They survived 9/11, prospered through the second invasion of Iraq, and grew during the SARS epidemic. In recent years, budget hotels have proved to be the most resilient sector of an otherwise beleaguered market.
Last year brought little respite to an industry still reeling from the decline in international tourism. But there is evidence that budget hotels, in some key markets, actually gained from an increase in domestic tourism. London has fared slightly worse than the regions, but this has not stymied the sector's rapid growth in the capital.
However, future expansion of this sector is being jeopardised by something far less sinister than international terrorism or exotic diseases. The availability of affordable sites, especially in greater London, is proving to be the major concern for budget hotel operators everywhere.
In its UK budget hotel survey 2003, covering 90% of the budget hotel market, consultants Deloitte & Touche said that nearly 100% of respondents thought the cost of sites was a threat to their growth.
Richard Arman, franchise development director for Choice Hotels Europe, says: "There is a limit to the room rate we can charge. On the M25, because of land values, we would have to charge £120 to £140 per room per night, but Greater London will only sustain £65 to £70.
Competing with residential "We compete against residential development in some cases. We had one franchisee in Hackney, east London, with an acre of land, but after an economic appraisal it was determined that better value could be got from residential."
This dynamic particularly affects Choice Hotels' Sleep Inn brand, which is at the premium end of the budget sector. Arman says he wants to develop up to 50 more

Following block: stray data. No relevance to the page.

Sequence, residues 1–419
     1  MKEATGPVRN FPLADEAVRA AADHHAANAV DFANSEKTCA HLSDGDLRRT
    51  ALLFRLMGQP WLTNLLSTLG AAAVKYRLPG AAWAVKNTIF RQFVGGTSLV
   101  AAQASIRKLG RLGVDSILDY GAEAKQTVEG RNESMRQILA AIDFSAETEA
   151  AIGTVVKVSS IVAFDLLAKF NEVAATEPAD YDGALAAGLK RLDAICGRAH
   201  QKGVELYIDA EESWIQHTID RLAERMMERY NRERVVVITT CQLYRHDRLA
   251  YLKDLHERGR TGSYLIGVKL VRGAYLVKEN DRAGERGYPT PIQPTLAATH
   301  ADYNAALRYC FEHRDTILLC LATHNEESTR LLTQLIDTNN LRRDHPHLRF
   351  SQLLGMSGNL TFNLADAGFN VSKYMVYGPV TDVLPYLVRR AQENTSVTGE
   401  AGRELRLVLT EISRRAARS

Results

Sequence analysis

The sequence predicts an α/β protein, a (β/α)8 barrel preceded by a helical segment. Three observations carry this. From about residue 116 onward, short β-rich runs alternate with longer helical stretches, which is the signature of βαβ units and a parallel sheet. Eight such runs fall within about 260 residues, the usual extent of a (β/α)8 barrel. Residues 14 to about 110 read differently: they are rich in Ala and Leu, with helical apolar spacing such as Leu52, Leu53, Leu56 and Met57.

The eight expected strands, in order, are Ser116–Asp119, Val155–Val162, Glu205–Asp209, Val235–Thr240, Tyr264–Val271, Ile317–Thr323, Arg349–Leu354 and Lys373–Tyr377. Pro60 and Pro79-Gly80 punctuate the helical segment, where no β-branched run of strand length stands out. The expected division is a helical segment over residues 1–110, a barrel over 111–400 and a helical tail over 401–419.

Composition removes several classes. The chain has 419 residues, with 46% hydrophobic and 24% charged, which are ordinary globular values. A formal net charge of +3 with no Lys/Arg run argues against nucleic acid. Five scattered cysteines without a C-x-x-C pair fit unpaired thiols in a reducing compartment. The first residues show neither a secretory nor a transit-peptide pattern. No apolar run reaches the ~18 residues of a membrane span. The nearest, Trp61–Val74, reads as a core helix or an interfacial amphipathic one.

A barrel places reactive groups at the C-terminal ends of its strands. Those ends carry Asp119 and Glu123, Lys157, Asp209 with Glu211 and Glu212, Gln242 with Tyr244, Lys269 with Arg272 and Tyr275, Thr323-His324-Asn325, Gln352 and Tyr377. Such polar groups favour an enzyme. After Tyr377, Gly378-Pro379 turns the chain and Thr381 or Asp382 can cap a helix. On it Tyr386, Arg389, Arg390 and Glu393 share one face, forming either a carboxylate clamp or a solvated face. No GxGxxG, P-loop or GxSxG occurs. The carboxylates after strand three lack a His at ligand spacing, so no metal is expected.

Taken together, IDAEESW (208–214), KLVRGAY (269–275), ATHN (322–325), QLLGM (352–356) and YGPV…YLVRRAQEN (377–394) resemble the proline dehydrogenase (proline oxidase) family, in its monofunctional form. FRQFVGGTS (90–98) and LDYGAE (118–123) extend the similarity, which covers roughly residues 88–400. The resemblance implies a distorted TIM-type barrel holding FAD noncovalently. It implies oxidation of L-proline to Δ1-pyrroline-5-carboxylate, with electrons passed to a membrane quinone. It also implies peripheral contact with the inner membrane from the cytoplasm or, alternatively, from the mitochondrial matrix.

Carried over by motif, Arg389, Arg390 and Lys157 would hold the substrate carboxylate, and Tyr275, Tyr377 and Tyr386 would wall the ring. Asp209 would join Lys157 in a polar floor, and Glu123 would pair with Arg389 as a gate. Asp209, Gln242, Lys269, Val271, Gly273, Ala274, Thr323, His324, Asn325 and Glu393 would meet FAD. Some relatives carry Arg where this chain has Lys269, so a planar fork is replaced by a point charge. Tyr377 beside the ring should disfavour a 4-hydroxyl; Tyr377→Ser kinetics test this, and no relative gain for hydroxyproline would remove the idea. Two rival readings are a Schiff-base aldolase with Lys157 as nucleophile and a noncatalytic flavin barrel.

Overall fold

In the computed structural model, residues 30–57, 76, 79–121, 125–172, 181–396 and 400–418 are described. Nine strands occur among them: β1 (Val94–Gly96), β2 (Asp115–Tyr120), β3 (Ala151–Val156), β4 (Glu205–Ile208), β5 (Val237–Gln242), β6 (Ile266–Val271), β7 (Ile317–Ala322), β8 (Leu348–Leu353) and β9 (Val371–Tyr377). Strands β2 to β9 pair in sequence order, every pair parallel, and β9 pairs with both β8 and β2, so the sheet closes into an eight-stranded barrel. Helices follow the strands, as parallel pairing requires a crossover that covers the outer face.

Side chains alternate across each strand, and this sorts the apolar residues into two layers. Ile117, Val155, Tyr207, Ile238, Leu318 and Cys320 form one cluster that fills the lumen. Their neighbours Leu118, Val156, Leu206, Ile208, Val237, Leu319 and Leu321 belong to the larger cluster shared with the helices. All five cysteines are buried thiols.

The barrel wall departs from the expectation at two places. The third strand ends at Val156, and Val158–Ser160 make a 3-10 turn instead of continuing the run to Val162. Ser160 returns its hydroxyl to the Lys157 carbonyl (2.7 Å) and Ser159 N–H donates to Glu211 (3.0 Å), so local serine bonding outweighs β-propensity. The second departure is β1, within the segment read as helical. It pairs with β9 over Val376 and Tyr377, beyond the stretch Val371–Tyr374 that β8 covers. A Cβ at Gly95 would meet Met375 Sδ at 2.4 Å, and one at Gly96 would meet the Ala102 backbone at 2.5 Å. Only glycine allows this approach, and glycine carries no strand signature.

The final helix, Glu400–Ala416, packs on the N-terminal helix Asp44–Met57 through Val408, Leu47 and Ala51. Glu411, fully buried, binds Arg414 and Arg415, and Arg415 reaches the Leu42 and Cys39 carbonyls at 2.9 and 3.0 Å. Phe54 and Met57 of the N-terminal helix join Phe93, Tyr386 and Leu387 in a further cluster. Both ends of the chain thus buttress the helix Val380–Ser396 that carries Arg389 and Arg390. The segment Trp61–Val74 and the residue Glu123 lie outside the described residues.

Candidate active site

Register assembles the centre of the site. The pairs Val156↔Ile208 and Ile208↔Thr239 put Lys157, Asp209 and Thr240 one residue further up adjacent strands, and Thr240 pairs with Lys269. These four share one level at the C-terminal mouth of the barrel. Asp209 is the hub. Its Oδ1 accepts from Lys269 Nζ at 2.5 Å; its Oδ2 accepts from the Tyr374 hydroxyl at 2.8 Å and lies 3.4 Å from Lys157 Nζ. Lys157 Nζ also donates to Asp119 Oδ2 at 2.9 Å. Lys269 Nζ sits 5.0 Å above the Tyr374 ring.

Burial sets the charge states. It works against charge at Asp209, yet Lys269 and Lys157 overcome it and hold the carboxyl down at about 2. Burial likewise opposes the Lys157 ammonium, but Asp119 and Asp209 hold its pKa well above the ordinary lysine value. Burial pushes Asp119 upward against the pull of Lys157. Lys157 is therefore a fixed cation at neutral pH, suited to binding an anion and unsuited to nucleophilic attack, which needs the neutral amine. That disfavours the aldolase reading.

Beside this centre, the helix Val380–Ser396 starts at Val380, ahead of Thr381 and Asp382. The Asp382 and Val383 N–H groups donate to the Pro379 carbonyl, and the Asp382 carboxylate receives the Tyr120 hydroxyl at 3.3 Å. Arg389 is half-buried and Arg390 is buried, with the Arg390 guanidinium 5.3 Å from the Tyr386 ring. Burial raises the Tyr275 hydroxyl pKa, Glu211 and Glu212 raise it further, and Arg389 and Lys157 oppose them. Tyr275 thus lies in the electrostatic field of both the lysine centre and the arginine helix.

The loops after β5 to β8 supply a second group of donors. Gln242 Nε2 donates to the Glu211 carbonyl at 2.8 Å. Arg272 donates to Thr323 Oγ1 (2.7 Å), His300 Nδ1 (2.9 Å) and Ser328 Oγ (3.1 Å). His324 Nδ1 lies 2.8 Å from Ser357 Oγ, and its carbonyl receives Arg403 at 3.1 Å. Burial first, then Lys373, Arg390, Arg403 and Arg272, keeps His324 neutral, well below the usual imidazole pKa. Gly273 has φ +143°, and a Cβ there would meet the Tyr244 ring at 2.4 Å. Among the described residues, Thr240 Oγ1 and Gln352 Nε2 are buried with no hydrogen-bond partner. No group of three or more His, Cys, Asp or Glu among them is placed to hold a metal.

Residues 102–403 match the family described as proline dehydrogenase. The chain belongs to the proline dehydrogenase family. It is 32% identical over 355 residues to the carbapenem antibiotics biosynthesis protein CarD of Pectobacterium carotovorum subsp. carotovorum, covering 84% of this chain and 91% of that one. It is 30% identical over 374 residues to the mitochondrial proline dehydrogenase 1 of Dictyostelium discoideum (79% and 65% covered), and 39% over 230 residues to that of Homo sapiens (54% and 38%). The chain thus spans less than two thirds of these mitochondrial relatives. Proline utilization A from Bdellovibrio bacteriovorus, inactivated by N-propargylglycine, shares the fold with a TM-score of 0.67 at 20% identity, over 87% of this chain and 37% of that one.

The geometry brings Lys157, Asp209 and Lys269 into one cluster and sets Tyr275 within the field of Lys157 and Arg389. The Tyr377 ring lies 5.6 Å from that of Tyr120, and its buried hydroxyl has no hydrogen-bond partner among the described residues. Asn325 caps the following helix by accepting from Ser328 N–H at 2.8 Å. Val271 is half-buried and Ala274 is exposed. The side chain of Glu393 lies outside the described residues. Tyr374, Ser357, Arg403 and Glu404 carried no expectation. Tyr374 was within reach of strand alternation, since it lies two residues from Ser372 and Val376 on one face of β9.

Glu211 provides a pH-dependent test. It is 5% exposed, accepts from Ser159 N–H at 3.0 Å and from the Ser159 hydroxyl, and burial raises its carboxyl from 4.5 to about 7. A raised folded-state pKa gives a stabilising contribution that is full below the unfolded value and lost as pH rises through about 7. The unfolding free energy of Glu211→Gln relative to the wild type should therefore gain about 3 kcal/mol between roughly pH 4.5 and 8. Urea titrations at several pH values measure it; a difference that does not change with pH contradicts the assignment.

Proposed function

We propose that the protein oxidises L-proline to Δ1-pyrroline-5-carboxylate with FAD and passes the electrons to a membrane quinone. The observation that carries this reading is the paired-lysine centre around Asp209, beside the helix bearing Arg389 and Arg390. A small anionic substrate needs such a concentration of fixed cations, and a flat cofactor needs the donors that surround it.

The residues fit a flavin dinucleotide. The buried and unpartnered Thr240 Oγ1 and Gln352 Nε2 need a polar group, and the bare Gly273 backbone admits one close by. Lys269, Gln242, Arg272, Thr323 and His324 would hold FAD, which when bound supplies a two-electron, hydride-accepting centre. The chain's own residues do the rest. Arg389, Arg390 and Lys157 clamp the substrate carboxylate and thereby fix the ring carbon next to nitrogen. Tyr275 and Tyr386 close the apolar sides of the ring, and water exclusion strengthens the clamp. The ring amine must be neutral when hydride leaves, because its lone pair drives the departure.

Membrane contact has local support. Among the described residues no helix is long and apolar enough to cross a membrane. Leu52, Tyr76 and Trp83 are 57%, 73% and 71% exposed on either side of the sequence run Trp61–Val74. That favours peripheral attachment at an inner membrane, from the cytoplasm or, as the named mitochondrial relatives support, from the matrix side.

Sleep Inns over the next five years in the UK. If, of course, he can find appropriate sites.
One commentator says that budget operators simply have to take budget sites, but it is not that simple. It is necessary for the chains to find high visibility sites with "window wallop and curb appeal", as Arman puts it, and often secondary locations do not provide that.
In addition, many want to be near commercial areas to appeal to business users, which further limits the areas they can consider. As a result, the sector has not grown as quickly as it might, and certain brands are not represented as widely as their agents would like.
"Land values will always be a problem for the budget guys," says Knight Frank partner Dominic Mayes. "As a result we haven't seen Accor's Formule 1 rolled out as it cannot afford the land prices." There are currently 10 Formule 1 hotels in the UK and, according to Deloitte, this particular brand experienced zero growth in 2002.
But the reality is that land prices are not going to automatically adjust to suit budget hotel operators. Limited-service hoteliers need to think out of the box to develop in suitable areas.
Large operators can benefit from co-developing with other arms of their business. For example, Express by Holiday Inn has developed on land owned by brewer Bass when both companies were part of Six Continents.
Going into partnership Also, when Whitbread opened the UK's largest budget hotel last year - the 590- bedroom Travel Inn at Heathrow - it incorporated its stand-alone conference centre brand into the scheme.